COLUMBIA — Columbia might be ranked among the nation’s top cities, but attracting high-tech companies to the area is still no easy feat.
The local business community, however, has help from a consultant hired by Regional Economic Development Inc. to find ways that Columbia can attract a company to build a data center here.
Data centers are secure warehouse facilities that house electronic equipment used for data storage and computer networking. They employ staff composed primarily of information technology workers. Data centers are used not only by high-tech companies but also in other industries, to manage information and essential computer network equipment. They made national headlines in June 2006 when the New York Times reported Google’s construction of a large data center facility along the Columbia River in Oregon.
“We’re seeing a number of data centers announced in locations in other states,” said REDI President Bernie Andrews. “With the university in Columbia and all the computer science talent we have here, we think it’d be a good fit.”
Andrews told the Columbia City Council on Monday that REDI had hired a consultant with Angelou Economics of Austin, Texas, in May to evaluate the Columbia area in terms of its potential to attract a data center. REDI in June identified two undeveloped sites and gave the consultant information on their utility characteristics and proximity to roads and existing development. Andrews would not say where those properties are.
Other clients of Angelou Economics include Oklahoma City and Lincoln, Neb., as well as companies such as Intel, Oracle and Dell Computer, according to its Web site. Andrews described the company’s clients as “businesses that are looking to expand their data center operations.”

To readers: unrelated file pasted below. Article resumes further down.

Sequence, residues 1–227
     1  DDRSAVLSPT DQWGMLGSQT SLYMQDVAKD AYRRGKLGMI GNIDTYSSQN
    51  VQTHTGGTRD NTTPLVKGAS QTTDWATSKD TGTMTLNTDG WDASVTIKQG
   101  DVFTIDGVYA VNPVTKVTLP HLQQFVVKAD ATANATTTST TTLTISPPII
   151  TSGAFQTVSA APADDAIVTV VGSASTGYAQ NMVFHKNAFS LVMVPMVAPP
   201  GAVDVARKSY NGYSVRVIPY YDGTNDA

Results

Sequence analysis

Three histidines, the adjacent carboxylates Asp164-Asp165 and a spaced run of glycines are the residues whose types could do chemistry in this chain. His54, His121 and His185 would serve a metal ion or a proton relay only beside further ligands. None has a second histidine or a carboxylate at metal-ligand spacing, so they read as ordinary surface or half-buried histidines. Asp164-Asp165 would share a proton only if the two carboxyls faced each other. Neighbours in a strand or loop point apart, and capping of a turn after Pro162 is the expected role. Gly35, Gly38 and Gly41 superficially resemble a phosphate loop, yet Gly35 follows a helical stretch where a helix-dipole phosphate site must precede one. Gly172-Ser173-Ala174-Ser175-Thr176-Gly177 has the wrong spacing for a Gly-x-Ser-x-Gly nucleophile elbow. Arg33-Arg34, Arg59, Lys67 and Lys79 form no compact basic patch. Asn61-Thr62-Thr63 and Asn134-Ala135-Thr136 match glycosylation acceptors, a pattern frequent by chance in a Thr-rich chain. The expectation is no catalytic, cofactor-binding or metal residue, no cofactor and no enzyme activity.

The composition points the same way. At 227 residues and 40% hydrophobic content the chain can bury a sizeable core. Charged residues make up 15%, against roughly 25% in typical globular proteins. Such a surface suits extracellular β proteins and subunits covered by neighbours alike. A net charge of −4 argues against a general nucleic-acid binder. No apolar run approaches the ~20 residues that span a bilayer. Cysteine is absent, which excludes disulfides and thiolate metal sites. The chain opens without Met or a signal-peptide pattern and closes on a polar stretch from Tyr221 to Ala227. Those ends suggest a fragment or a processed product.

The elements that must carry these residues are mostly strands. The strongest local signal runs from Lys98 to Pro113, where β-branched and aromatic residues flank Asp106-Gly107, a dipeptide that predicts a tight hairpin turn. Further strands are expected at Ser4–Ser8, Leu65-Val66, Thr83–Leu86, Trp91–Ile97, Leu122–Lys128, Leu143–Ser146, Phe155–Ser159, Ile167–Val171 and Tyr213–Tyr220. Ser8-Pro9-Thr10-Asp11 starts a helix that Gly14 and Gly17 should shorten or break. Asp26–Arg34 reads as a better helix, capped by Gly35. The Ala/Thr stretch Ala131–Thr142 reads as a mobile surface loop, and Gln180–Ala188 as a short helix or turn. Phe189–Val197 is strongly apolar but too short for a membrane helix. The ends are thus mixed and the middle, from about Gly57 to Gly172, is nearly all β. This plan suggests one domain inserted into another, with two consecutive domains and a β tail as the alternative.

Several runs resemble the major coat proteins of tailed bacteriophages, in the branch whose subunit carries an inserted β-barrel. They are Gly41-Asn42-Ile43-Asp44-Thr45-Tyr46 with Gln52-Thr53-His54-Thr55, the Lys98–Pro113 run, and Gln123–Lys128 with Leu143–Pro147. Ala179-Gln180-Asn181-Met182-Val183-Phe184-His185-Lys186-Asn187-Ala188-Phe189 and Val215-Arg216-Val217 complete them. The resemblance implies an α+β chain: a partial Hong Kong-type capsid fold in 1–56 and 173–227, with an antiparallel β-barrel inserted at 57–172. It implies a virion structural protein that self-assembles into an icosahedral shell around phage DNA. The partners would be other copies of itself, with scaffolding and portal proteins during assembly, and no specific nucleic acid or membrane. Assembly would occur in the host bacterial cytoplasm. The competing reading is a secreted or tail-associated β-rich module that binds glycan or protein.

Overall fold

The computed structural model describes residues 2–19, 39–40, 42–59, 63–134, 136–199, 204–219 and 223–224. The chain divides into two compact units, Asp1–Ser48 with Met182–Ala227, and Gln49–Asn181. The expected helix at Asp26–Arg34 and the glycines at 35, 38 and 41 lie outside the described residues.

Andrews said REDI has been approached in the past by agencies seeking sites for tech companies, but none has expressed an interest. That’s why it decided to hire Angelou.
High-tech jobs in Columbia and Boone County make up only a small portion of the workforce, despite the presence of MU and the research it spawns. But it is the No. 1 strategic goal of the Columbia Chamber of Commerce to increase “high-tech, high-paying” jobs in the area, according to its Web site.
The goal is to “try to make Columbia a more appealing place” for these and other kinds of businesses that employ a highly skilled staff, chamber President Don Laird said, adding it was “a good idea” for REDI to hire Angelou.
A REDI economic development report to the City Council, prepared with the consultant’s input, said the combination of a skilled workforce and the presence of a large research university are important criteria for attracting a high-tech firm. Good quality of life — with low crime, strong public schools and affordable housing — is also important.
REDI’s report also included results from a 2006 survey by Area Development Magazine suggesting that high-tech companies look for low labor costs, highway accessibility, favorable corporate tax rates and state and local tax incentives.
Andrews said he hopes the consultant will help REDI learn how Columbia rates on those characteristics and how it can be more competitive.
The consultant’s final report will be presented to REDI, the chamber of commerce, and possibly the City Council on Oct. 11, said Andrews.